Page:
i read an interesting article recenty that pretty much said "new stuff still sells on cd, but old stuff is dropping off a lot because we as a society have pretty much filled in our collective back catalogues.". i thought that was an interesting perspective...
  8.  (6620.16)
    ^ I haven't! My back catalogue still requires much filling in. I'm short a number of Bowie albums, only own the first Neu! record, no physical copies of anything by Can, and I desperately need to expand my Trojan and Motown collections.

    I have a weird relationship with singles. It seems like very few artists I care about really bother with album singles any more. I'll buy a single if it's a non-album track or if the bees are worth owning, but this is a very rare occurance nowadays. I pretty much only buy vinyl singles, and in any case I'll refer to them (somewhat pretentiously) as 7"s (or 10"s/12"s) because to me they're not singles in the sense they're radio promos or chart material; rather they're samplers or standalone releases.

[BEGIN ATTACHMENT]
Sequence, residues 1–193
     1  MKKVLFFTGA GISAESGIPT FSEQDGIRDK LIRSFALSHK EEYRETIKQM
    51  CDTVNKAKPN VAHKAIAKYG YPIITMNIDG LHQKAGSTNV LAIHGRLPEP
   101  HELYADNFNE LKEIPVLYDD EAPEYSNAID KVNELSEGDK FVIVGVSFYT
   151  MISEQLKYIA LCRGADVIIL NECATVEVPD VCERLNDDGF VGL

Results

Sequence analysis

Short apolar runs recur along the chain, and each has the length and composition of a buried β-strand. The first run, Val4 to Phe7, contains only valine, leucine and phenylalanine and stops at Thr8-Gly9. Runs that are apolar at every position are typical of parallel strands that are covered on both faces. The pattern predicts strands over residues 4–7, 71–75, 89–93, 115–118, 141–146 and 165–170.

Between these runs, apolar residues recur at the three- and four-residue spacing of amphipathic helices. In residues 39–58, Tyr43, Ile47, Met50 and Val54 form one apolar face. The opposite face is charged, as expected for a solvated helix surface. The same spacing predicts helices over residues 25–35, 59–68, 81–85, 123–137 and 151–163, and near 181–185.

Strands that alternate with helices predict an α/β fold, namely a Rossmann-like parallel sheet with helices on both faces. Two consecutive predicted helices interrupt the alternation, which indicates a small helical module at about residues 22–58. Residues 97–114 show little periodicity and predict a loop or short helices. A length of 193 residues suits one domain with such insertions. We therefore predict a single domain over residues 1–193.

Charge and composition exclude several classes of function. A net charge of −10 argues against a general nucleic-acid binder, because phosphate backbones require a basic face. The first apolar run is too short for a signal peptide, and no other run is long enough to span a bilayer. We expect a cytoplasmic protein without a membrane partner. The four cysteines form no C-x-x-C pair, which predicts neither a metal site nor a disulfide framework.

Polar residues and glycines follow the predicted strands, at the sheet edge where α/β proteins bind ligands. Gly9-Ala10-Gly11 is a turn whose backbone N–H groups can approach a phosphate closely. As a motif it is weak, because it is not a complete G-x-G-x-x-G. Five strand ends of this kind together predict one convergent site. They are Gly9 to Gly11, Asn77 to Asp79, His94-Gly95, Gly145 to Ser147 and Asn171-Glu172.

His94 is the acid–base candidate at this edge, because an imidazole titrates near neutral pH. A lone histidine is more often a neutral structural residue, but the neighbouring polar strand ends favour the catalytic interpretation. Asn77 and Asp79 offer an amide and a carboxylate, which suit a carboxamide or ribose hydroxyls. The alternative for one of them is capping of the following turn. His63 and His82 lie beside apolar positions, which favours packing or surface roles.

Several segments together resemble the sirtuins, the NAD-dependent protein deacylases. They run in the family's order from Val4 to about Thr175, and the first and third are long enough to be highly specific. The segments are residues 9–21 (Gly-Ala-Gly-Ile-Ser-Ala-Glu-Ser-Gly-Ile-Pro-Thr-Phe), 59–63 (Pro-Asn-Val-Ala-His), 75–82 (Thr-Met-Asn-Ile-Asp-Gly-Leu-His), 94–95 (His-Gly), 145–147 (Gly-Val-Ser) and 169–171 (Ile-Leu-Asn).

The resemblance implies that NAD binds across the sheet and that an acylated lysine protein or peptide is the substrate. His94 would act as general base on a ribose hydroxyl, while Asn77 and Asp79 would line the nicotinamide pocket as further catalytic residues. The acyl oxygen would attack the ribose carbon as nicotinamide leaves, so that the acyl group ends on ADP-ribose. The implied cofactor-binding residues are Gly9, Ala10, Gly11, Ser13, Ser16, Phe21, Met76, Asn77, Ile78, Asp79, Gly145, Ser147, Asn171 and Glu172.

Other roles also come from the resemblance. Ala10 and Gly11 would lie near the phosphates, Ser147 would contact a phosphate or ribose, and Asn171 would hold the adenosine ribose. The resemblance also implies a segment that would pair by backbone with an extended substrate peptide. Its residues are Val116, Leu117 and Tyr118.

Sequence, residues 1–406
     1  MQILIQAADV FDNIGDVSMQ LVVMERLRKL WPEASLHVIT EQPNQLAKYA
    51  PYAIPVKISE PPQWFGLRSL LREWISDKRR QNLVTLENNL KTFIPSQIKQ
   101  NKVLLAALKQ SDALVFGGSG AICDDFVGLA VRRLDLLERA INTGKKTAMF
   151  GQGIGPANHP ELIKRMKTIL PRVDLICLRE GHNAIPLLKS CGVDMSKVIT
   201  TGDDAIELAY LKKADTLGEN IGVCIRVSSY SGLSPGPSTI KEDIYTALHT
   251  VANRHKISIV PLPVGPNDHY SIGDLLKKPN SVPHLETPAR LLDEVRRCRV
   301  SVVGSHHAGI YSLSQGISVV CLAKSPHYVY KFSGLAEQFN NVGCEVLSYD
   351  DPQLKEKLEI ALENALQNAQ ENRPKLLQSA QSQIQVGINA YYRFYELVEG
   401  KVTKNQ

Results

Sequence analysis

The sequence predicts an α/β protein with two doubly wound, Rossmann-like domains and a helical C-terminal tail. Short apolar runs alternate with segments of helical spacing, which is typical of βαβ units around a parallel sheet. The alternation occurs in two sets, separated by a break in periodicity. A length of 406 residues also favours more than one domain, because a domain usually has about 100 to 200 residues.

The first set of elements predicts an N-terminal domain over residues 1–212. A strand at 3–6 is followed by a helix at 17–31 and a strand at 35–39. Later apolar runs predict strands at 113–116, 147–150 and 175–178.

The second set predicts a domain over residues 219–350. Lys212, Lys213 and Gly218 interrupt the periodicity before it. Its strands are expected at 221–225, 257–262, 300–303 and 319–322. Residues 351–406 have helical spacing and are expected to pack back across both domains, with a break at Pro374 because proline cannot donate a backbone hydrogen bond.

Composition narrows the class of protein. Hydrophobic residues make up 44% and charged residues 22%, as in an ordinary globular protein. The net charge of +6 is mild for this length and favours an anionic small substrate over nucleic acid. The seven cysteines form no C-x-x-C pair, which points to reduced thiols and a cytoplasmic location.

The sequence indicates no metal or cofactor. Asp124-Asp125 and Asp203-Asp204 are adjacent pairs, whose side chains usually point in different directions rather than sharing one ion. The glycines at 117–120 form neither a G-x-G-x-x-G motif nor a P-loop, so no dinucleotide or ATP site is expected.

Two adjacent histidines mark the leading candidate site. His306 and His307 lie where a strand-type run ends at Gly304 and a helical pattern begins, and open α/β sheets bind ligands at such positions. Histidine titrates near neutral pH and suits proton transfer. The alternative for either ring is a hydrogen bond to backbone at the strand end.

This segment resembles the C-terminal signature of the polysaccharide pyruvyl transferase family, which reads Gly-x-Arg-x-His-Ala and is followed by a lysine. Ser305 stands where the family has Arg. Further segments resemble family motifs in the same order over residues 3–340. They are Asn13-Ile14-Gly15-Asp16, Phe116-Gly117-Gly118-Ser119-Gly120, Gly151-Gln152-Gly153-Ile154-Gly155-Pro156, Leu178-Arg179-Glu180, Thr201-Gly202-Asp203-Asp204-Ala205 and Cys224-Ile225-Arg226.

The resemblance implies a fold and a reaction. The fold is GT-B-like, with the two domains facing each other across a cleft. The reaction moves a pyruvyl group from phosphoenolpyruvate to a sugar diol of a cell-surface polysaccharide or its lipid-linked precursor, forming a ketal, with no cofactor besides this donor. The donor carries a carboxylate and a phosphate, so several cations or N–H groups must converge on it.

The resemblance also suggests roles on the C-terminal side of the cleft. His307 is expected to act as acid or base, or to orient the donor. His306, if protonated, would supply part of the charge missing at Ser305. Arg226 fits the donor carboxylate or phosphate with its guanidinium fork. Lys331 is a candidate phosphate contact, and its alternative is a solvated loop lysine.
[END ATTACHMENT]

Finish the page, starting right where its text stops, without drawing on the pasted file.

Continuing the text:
I used to buy album singles all the time, when there were interesting bees or (occasionally) worthwhile remixes. Now I just buy music that isn't slated for album release or limited editions. Songs I won't hear anywhere else. I'll likely scour the internets for a free (stolen) digital copy for the iPod, so I can prove to that I'm listening to things, but having the artifact is important. It says "I R SRS MUZIK FAN THIS R SRS VNYL".
  9.  (6620.17)
    I miss the days when singles were good. I never bought into the bullshit where I pay more than the price of the album for a single with five shitty dance remixes and maybe a remix where someone raps over part of the song. Whatever happened to good b sides?
  10.  (6620.18)
    I know people who don't buy music, at all. Its fucking horrible, I give my brother shit constantly for this though I can't really complain about him not filling Green Day's coffers any further. I won't pay for digital music. I'm adamant about this, anything impossible to find I'll download illegally until I can find a legit copy.